Gene expression changes are candidate mechanisms to contribute to long-term consequences of psychostimulant use. We use microarrays to examine the expression of 6340 genes in brains of mice killed 5 or 20 h following 14 day, twice-daily treatments with saline (SS), saline followed by a single 7.5 mg/kg amphetamine dose (SA), or repeated 7.5 mg/kg amphetamine doses (AA) that produce sensitization but no clear-cut neuronal toxicities. Arrays display robust hybridization for about 3600 transcripts. One hundred and seventeen of these expressed transcripts are candidate positives for drug-related changes, displaying > 1.8-fold differences from SS control values in whole brains of either SA or AA mice. Five transcripts reveal altered expression in both AA and SA mice. SA mostly enhances expression while AA treatments largely reduce expression. Fourteen SA and four AA changes in whole brain mRNA were replicated by > 1.8-fold changes in independent microarray assessments of either cerebral cortical or brainstem mRNAs, with more changes identified in frontal than in entorhinal/parietal cortical samples. About one-quarter of these changes persist in initial studies of mice killed 20 h after the last amphetamine injection. Each of these genes, including transcription factor, cellular regulatory, structural and other gene family members, are candidates to contribute to brain adaptations to psychostimulants.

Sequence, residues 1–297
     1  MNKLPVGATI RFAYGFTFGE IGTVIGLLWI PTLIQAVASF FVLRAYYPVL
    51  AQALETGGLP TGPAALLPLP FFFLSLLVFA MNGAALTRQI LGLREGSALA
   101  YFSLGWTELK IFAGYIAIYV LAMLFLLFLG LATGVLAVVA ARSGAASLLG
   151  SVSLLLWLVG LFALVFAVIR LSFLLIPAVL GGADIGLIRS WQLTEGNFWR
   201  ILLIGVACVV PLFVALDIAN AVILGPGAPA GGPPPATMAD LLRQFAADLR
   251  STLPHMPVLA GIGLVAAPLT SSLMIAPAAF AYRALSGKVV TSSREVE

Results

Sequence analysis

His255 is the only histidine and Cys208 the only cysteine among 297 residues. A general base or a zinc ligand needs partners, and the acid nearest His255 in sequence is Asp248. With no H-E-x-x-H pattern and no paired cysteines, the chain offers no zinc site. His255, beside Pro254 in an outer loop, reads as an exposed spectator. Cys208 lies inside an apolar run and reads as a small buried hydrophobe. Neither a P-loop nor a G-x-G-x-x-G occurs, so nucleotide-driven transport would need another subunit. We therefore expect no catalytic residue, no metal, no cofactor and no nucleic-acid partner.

- Heat shock protein
- Psychostimulant transcription factors
- Signal transduction
- Transcriptional profiling
ASJC Scopus subject areas
- Cellular and Molecular Neuroscience